At the back grip was as impressive as the front, and with this amount of traction on offer you could afford to dial in some more rear ride height to speed up the steering at the track without worrying about lightening the back end too much and losing grip.

I also added three more clicks of compression and two turns of preload which gave the bike more support when it was cranked right over and let you get on the gas harder and earlier. And when it comes to getting it over, ground clearance on this bike is astonishing. I didn't touch anything down once, not even a peg tip or the end can, road or the track. Then again, I am getting on a bit...

The riding position's been changed too, although the feel is unmistakably aggressive R1. The pegs have gone back and up a touch while the bars have gone forwards slightly which cants you further over the front, helping stability without messing up comfort - the bike's as passable as the old one. Even after a day on the road I was pretty much ache-free.

And on the road the R1's newly-found stability was its ace card. Where it made the flick-flack sections of the track harder than the old model, on the road it was a peach. Even landing fast wheelies (and on an R1 that means 120mph-plus) I couldn't unsettle it - with the old one you had to have the bars dead straight on touch-down otherwise you were taking a short, sharp trip to tankslapper city. And even when you did have them straight it could still kick off occasionally if you caught a bump or ripple. But not the new bike, oh no. It got to the point where I was purposely landing them crossed-up to try unsettling it. All that happened was the front whipped straight back into line without a shiver. Rest assured this is the most stable R1 yet and will make the FireBlade feel very flighty indeed by comparison.

Yamaha are claiming the same 152bhp (at the crank) for this year's bike as they did for the outgoing model, but the fuel injection has rearranged the power delivery. The new bike doesn't feel like it's got the heavy midrange punch the old one had and the power feels more spread out. There's more over-rev too and the tail-off of power is smoother, so although there's as much power as before the affect has been diluted.

Now this might sound like a bad thing, but in practice it makes the bike more usable. Not only can you get on the gas harder out of the turns with fewer highside worries, but the fact the power doesn't kick in quite as hard as easily means the chassis and tyres get less stress too. Which all means you get the same power as before but now with more control. This is good news, but for die-hard R1 aficionados this motor won't feel as mad as the last one.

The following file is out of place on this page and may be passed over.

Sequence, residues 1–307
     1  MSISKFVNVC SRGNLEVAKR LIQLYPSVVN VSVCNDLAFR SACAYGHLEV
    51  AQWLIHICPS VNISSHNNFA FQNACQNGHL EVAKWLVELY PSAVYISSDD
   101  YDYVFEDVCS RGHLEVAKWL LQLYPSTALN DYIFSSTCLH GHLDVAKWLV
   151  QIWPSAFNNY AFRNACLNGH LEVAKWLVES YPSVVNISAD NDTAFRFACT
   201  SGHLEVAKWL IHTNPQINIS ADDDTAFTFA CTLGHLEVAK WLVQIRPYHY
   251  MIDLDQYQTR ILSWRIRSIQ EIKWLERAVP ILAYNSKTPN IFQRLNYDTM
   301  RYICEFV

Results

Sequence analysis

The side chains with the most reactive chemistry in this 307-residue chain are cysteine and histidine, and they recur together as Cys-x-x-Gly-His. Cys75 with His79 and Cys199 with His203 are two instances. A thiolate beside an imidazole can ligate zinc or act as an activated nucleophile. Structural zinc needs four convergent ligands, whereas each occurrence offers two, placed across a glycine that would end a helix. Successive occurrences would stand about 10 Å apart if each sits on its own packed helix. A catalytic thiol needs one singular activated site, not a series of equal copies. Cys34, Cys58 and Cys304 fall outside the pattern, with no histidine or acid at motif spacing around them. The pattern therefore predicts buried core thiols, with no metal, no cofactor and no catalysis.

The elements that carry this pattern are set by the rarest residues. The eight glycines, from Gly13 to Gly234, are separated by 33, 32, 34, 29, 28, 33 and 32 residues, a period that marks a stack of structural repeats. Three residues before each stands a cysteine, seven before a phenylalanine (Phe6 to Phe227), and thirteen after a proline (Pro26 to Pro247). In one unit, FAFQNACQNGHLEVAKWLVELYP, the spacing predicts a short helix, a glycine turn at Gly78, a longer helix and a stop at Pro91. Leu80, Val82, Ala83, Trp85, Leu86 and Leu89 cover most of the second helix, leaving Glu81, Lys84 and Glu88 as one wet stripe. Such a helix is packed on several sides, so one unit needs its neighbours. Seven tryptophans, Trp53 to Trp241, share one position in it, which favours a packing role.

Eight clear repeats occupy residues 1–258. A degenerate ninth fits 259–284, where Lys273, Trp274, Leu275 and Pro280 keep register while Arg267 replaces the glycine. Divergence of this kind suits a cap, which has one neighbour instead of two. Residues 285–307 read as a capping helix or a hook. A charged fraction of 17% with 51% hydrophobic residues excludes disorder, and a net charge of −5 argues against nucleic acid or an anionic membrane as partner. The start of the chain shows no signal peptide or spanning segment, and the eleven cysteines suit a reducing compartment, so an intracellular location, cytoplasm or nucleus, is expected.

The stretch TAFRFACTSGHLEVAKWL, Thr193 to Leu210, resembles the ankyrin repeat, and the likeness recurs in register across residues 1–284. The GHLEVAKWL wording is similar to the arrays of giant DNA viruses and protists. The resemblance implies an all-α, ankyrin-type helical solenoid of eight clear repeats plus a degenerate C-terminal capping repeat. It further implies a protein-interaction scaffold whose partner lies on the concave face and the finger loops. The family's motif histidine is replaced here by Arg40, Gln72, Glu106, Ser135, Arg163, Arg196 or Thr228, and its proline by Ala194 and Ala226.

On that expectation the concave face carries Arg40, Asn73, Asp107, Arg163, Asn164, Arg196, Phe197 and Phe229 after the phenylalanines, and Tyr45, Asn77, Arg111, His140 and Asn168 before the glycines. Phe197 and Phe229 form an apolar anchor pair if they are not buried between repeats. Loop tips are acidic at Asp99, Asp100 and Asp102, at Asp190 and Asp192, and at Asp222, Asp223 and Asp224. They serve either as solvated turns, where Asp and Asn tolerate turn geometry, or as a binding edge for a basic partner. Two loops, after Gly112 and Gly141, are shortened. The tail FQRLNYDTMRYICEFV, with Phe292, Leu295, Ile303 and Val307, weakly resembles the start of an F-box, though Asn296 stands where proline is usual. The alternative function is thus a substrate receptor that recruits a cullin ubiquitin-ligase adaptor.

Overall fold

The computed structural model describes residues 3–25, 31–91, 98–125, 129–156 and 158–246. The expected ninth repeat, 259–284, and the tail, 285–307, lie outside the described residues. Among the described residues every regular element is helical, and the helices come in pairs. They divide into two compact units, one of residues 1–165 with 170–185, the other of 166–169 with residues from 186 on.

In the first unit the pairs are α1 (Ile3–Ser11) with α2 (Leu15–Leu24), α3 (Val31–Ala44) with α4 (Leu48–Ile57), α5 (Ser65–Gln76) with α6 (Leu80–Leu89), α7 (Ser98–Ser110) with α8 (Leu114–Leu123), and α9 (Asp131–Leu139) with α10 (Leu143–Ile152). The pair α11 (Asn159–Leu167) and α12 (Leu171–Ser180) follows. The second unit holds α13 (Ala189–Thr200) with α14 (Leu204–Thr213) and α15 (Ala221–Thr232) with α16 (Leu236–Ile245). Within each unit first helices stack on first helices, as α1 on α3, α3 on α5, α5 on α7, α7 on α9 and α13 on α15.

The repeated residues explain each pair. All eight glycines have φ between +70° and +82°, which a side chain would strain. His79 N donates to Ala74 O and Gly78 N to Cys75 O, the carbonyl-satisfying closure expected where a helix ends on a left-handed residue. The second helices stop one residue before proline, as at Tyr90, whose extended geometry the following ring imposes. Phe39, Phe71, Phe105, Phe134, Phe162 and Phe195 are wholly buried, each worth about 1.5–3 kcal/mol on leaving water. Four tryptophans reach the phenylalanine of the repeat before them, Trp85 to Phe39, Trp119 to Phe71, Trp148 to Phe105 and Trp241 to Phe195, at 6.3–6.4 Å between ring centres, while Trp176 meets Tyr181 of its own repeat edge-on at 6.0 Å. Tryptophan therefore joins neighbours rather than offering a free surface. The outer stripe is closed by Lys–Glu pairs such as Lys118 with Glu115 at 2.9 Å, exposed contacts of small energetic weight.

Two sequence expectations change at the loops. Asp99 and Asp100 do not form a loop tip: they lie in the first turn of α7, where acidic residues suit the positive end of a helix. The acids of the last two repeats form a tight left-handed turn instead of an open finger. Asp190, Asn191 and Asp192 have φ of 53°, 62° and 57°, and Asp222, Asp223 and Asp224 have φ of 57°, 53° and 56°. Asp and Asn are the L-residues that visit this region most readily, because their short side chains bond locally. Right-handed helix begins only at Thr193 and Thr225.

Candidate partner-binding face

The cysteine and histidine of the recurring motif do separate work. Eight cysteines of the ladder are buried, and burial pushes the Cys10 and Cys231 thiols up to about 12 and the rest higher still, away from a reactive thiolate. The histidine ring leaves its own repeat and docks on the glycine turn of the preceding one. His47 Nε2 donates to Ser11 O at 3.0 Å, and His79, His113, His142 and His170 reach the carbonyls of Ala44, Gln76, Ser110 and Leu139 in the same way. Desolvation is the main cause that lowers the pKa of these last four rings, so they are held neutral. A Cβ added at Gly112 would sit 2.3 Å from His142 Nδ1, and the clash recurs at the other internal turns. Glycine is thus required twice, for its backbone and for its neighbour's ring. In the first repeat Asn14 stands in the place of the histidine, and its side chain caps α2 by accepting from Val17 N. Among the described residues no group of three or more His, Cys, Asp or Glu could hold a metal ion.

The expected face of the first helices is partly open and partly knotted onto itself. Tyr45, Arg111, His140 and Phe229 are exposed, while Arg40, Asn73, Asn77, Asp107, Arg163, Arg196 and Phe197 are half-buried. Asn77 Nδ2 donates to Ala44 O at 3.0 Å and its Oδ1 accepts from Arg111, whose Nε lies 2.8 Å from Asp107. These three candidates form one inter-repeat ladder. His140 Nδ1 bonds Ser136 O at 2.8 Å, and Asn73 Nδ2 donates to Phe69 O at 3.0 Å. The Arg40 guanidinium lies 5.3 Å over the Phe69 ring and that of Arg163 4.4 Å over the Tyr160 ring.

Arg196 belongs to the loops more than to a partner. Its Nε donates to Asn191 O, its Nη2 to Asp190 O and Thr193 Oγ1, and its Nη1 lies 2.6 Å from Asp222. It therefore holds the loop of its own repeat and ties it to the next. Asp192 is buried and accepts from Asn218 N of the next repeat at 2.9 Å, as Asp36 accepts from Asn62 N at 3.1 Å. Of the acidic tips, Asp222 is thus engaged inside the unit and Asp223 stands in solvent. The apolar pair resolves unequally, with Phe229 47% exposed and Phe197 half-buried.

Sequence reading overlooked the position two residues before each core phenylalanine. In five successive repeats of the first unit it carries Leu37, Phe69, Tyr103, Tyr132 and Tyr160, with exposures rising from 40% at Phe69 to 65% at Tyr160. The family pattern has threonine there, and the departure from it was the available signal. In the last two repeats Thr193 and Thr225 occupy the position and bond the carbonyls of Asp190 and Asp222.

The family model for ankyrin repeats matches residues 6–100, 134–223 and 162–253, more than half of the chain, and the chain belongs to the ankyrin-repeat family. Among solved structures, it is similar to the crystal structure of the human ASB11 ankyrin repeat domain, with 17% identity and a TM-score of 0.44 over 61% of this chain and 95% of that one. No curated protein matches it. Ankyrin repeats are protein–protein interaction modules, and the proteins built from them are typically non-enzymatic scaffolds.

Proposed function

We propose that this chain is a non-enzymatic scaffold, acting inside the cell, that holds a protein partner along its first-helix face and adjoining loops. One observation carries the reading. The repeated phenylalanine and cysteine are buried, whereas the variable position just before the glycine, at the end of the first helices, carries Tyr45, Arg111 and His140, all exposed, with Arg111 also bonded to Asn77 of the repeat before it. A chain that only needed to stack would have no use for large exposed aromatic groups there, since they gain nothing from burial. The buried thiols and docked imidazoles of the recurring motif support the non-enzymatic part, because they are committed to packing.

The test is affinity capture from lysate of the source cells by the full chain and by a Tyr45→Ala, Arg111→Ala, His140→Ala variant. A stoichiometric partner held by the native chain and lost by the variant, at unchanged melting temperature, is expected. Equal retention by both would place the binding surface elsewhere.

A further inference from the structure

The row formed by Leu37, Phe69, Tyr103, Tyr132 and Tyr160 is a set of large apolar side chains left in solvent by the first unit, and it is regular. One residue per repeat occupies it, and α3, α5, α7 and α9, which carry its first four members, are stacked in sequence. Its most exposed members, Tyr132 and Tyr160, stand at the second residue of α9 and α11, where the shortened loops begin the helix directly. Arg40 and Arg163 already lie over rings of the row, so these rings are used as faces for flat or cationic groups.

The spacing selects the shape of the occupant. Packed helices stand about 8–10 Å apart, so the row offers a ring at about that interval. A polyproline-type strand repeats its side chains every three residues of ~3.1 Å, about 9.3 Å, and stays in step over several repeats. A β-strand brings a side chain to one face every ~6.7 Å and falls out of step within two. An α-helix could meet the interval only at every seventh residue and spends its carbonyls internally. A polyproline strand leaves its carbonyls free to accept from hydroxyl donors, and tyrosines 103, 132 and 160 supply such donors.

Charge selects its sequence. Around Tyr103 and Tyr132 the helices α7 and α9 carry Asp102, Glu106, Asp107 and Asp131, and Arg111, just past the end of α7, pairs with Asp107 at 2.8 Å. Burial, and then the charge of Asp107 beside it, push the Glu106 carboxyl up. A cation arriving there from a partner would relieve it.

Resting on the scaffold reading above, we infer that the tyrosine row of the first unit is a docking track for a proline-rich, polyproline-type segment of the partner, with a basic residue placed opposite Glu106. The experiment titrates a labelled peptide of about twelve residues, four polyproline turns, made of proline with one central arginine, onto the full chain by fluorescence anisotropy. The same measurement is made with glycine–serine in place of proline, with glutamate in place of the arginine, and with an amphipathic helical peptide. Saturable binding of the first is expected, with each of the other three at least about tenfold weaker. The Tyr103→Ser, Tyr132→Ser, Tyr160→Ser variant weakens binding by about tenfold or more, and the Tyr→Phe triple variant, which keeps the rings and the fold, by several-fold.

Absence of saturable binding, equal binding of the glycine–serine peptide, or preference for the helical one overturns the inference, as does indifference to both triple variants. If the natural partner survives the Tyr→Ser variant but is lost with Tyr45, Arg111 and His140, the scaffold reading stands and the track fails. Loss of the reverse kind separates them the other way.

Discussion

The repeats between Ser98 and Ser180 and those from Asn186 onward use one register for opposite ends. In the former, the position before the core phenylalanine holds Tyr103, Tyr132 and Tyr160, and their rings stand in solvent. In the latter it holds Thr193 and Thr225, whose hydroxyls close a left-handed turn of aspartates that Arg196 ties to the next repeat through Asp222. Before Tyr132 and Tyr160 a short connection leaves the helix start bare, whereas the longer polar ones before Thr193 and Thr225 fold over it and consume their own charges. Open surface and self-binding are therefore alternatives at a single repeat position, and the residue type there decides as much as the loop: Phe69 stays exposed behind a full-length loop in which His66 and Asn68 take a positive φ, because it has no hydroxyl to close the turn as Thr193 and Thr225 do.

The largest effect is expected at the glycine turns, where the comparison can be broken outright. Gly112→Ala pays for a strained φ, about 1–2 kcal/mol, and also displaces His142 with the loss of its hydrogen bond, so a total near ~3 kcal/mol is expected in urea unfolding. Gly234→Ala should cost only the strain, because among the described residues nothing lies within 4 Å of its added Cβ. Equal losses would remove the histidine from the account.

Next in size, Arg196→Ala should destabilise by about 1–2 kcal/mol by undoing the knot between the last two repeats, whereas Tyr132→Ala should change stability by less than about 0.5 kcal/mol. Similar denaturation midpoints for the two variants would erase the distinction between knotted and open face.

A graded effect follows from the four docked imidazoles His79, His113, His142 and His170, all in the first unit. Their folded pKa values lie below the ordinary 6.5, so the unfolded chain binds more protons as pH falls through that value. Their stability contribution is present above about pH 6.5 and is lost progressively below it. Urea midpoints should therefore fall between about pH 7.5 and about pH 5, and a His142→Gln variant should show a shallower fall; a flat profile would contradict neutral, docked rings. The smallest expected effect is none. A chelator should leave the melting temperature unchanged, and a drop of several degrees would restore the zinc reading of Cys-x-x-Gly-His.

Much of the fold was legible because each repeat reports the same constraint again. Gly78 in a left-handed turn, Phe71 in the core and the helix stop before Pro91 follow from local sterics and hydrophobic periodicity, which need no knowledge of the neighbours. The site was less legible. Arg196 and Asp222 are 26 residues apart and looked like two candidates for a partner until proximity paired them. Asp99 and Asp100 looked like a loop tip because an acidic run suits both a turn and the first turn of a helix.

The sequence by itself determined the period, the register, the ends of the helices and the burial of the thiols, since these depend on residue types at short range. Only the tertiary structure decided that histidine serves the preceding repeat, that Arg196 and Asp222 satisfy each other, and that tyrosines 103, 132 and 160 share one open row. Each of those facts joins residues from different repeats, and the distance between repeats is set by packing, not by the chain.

The gearbox is still pretty heavy too. Yamaha are claiming a new finish on the gears and increased lever travel to smooth things up, but it's still behind the GSX-R and Blade in slickness terms.

Brakes are as good as ever but having ridden the new Blade last month I can tell you that that is now packing the class-leading anchors. The R1 calipers are still strong but being picky I'd have liked a little more outright power.

Then there are the gizmos in the dashboard to play with. You can adjust the brightness levels, and latest on the 'must-have' list for 2002 there's a big blue light to tell you when to shift up. I set this at 11,500rpm for the track which was pretty much spot on. I wouldn't recommend using it on the road though - you might want to concentrate on what's ahead of you and not the dashboard...

I'd say this R1 can be ridden harder, more easily than before. Although it feels a touch slower than the old one and the motor doesn't seem to kick as hard, lap times will probably prove it faster.

On the road this bike really scores though and it's next to perfect for anything from fast cruising to ton-plus wheelie madness, and as the road's where most of us ride this is no bad thing. It's still very good at the track, but for dedicated race heads the GSX-R or Blade might be better. Out on the road however it's in a class of its own.

Verdict
Sensible improvements from Yamaha make the new R1 an awesome road bike and a more predictable track performer too. Madness is diluted a touch from the old bike, but lap times are likely to prove the new one faster. Best-looking bike out of Japan.